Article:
Avoid co-infection with COVID-19 and flu
SPRINGFIELD – Every year the flu sickens millions of Americans, hospitalizes hundreds of thousands, and kills tens of thousands. This season, in addition to flu, we are battling COVID-19. We have already seen almost 7 million Americans confirmed with COVID-19, hundreds of thousands hospitalized, and more than 200,000 deaths.
“This season more than ever, it is critical that Illinoisans get our flu shots,” said Illinois Department of Public Health Director Dr. Ngozi Ezike. “Flu and COVID-19 each can cause serious respiratory illness and co-infection could possibly lead to more severe illnesses, hospitalization, and even death. While a vaccine for COVID-19 is still in development, a vaccine for flu already exists and is your best protection against flu. The choice is yours, but I urge you to not risk co-infection of two potentially deadly viruses. Please try and protect yourself and the people around you by getting the flu vaccine, which has been proven over the years to be safe and effective.”
Everyone six months of age and older should get the seasonal flu vaccine. The vaccine is available in either a flu shot, or in a nasal spray. Talk with a health care provider about what type is most appropriate for you. More information on the types of flu vaccine can be found on the CDC website.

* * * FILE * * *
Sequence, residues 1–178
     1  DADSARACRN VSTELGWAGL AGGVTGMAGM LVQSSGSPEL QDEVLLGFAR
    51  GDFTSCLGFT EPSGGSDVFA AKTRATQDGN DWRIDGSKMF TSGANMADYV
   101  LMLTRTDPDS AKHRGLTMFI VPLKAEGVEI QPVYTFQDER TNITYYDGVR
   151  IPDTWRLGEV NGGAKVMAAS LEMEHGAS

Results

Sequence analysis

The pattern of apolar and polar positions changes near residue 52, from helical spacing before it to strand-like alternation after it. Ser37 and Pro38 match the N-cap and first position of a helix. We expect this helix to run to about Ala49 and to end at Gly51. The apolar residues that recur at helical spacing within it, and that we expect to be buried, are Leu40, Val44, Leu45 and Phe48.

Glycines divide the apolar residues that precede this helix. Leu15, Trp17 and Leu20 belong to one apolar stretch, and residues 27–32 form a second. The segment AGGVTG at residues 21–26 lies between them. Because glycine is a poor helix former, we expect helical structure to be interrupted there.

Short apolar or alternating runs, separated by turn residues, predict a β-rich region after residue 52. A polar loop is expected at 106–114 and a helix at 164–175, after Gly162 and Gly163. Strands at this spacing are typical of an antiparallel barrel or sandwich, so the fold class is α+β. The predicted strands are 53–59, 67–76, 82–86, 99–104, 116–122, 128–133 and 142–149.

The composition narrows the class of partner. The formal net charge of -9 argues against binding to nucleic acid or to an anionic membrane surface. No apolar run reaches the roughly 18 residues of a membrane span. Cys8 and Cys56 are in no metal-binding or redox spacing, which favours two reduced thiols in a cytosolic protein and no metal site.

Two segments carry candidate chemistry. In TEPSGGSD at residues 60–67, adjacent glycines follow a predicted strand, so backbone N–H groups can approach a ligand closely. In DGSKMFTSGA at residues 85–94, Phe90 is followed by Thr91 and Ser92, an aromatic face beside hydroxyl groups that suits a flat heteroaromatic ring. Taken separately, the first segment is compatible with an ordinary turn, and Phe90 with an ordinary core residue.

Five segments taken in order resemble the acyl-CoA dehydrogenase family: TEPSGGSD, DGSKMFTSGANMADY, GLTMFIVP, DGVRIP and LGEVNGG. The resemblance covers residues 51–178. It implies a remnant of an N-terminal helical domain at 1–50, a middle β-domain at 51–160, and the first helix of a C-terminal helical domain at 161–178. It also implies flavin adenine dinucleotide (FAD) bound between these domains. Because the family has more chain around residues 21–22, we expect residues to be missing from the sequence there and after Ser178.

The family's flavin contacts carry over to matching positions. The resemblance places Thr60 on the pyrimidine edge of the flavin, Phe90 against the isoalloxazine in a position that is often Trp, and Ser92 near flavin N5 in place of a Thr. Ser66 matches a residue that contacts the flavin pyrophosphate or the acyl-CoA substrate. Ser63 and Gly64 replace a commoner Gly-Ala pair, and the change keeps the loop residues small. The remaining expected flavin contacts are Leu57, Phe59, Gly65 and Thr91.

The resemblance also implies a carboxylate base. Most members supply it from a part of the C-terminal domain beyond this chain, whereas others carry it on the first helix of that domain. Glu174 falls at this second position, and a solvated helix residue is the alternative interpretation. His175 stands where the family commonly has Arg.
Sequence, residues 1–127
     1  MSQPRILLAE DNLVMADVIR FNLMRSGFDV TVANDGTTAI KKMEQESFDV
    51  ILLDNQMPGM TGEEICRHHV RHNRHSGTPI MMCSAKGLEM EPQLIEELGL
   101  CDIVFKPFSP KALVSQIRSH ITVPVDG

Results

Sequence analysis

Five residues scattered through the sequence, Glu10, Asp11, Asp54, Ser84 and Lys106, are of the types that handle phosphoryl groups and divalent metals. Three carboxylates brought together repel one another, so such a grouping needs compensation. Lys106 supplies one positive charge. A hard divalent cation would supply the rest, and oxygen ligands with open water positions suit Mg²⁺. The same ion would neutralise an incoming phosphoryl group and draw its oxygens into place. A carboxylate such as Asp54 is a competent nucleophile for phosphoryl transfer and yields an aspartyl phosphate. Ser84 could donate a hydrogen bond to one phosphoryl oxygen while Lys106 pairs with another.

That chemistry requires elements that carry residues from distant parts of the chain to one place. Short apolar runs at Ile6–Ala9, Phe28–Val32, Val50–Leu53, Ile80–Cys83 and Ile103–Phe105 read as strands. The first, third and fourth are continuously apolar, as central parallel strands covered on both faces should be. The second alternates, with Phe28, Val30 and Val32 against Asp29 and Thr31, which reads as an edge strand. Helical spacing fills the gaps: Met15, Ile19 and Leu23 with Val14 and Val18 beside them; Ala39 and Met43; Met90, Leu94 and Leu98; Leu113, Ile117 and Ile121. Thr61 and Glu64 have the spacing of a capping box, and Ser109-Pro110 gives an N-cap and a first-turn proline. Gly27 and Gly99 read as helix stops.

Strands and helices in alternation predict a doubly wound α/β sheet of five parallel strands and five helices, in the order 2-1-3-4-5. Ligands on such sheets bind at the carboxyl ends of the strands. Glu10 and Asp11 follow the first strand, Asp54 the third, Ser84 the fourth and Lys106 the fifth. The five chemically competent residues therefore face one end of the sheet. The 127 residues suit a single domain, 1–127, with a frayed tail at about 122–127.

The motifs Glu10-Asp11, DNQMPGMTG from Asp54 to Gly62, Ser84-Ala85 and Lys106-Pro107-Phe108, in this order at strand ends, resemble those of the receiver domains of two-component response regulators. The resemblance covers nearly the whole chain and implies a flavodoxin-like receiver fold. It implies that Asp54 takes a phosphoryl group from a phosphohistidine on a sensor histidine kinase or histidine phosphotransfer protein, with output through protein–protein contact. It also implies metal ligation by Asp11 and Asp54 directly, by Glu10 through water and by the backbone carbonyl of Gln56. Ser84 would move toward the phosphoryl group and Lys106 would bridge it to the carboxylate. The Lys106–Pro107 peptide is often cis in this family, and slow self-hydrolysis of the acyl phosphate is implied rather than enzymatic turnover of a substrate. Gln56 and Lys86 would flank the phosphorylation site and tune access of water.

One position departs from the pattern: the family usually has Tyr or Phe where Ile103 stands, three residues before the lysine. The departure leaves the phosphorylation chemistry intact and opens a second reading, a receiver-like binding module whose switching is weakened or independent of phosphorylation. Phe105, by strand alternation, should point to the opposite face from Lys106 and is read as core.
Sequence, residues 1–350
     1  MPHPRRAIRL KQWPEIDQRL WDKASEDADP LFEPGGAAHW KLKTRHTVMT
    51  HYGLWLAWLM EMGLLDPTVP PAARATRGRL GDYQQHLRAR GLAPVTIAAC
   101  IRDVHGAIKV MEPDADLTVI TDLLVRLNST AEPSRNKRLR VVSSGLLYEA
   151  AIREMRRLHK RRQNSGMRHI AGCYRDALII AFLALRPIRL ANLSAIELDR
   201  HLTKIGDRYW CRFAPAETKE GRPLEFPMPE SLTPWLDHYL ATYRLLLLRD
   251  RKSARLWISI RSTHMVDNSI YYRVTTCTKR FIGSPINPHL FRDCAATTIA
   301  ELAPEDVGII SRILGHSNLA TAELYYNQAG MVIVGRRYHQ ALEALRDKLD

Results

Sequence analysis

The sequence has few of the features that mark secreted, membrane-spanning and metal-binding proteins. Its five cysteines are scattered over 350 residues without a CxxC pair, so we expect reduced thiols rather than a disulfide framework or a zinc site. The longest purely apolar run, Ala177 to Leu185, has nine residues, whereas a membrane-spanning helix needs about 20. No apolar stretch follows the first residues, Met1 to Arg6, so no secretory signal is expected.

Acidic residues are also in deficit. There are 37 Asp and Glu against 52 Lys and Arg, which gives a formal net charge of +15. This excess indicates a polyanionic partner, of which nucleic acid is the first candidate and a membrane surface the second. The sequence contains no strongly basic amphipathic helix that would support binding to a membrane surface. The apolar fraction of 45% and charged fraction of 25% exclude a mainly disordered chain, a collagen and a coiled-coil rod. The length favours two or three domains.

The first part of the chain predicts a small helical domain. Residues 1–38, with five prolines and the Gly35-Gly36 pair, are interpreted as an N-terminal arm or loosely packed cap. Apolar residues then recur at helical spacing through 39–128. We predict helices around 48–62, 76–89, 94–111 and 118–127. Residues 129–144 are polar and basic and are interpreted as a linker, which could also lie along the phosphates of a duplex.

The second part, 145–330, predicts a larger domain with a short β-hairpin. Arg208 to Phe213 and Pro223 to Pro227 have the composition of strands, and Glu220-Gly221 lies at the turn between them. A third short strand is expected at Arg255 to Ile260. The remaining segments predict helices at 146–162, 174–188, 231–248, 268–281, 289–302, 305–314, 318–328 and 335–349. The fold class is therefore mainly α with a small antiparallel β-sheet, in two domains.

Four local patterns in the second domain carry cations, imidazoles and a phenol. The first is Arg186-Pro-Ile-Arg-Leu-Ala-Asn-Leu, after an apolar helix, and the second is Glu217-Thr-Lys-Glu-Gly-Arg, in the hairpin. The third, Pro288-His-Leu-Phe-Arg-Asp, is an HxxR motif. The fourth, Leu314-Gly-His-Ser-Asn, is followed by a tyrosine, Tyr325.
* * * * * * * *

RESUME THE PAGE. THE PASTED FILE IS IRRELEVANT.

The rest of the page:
In addition to getting your flu vaccine, IDPH recommends following the 3 W’s for both COVID-19 and influenza.
- Wash your hands
- Watch your distance
- Wear your mask
Viruses spread when people who are infected cough, sneeze, or talk. Flu usually comes on suddenly. Many of the symptoms of flu and COVID-19 are the same, such as fever and cough, but there are some differences. If you have symptoms of either flu or COVID-19, self-isolate and contact a health care provider. They can talk with you about testing and other measures you should be taking.
Below is a list of symptoms for flu and COVID-19.
|Symptom onset||2 days||2-14 days|
|Loss of taste or smell||Rare||Sometimes|
Shortness of breath or
Influenza antiviral drugs can be a second line of defense for people who get sick with the flu. Many studies have found that in addition to lessening the duration and severity of symptoms, antiviral drugs can prevent flu complications.
To find a location to get a flu shot in your community, check with your health care provider or local health department. You can also use the online Vaccine Finder. More information about influenza can be found on the IDPH website at www.dph.illinois.gov. More information about COVID-19 can be found at www.dph.illinois.gov/covid19, including where you can get tested.